Awaken I Am – “Blind Love”
2017 was a great year for dark music that serves as catharsis, whether that’s for the artist or the person listening or both. Awaken I Am, a recent addition to Victory Records’ roster, is a metalcore band with an R & B type vocalist in lead singer Adam Douglas. His voice soars to heights reached by fellow metalcore frontmen Tyler Carter of Issues and Jonny Craig of Slaves (yeah, yeah, yeah I know what you’re about to say… let’s just focus on the similarities in vocal range, all right?), but it’s the way he uses that voice that, like his counterparts, is one of the things that sets him and the band apart.
I was hypnotized from the first moment I heard the first verse of single “Black Dreams”: Breathe just keep breathing I tell myself/That it was all just a dream/no a nightmare I can't breathe/falling false hope I had become lost/always felt like I was the one who was forgot/a little worn a little torn…
You can feel, not just hear, that the band was struggling with toxic relationships/friendships, self-destruction and anxiety/depression, which is what makes this album so special. Other favorites from “Blind Love” include the title track, “Red Wine, Regret” and “Wolves”, a song railing against “friends” who say they’ll be there for you… until life starts pummeling you to the ground and you feel like you can't get back up again, at least at first.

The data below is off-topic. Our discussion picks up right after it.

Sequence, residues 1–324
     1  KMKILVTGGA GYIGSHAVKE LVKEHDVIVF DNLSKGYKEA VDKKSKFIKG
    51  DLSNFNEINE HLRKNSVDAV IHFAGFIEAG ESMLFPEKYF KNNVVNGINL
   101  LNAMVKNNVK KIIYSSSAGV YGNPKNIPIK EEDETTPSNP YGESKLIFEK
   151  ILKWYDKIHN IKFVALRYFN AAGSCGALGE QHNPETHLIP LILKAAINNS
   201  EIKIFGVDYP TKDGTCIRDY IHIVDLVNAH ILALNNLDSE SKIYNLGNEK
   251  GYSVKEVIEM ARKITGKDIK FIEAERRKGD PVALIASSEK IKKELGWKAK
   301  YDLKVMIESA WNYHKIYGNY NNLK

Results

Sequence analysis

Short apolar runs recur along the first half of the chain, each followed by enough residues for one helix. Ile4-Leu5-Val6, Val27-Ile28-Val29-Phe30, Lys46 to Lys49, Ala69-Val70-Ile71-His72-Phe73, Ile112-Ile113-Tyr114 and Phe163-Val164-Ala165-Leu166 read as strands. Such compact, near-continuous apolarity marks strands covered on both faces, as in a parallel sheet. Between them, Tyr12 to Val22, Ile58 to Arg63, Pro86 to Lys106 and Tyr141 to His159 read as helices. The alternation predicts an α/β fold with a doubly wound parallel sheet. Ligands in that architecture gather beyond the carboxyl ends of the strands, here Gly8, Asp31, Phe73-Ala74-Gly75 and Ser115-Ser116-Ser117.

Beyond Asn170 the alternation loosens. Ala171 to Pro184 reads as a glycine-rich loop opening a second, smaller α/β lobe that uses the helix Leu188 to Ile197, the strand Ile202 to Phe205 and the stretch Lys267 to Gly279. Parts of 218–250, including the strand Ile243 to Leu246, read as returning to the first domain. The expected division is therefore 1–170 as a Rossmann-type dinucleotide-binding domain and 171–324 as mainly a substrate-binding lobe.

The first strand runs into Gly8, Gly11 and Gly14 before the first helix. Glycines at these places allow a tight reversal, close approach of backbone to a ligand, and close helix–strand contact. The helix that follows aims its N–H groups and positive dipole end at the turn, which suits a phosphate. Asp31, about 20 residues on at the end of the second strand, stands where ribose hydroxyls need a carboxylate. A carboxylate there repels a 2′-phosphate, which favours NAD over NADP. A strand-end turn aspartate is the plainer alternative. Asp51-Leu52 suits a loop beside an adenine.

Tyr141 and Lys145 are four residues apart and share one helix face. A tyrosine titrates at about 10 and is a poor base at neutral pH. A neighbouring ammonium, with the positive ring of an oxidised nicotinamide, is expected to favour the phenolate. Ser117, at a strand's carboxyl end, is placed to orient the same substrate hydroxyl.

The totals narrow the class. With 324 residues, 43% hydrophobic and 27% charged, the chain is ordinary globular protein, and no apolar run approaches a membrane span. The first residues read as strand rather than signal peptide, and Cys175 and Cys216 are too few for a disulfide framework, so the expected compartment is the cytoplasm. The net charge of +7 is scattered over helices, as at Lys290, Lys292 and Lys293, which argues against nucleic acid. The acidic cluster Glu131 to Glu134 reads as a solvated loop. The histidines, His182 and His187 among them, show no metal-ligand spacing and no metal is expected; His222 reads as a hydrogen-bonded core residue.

Sleeping With Sirens – “Gossip”
I’ve had a rocky relationship with being a fan of Sleeping with Sirens…. and with good reason: there was the train wreck that was their 2014 APMAs performance, which was shortly after I became a fan of Quinn’s range; then there was finding out that he consistently couldn’t hit the high note on smash hit “If You Can’t Hang” and didn’t do anything about it; then there were the rumors of Quinn lip syncing live and being rude to fans (the being rude thing has been the only thing that’s had a kernel of truth so far... although I’ve heard recently he’s changed his tune in terms of attitude).
I was ready to and did write the band off until I read an article in Alternative Press with the headline “Sleeping With Sirens are a ‘completely different band’ after recording their new album”.
The contrarian asshole in me said, “oh really?”, so I clicked on it and was genuinely surprised by what I read. The article details Quinn’s struggle with depression as well as the band’s struggle with even liking their craft at times. What really grabbed me was the following conversation between producer David Bendeth, who worked with them on “Gossip”, and guitarist Jack Fowler:
Said Bendeth, “You would rather walk to the fridge and grab a beer than pick up your guitar. Is that true?’
And [Fowler] said, “Yeah. And that’s changing right now.’ It’s crazy how much things have changed in the last couple months.”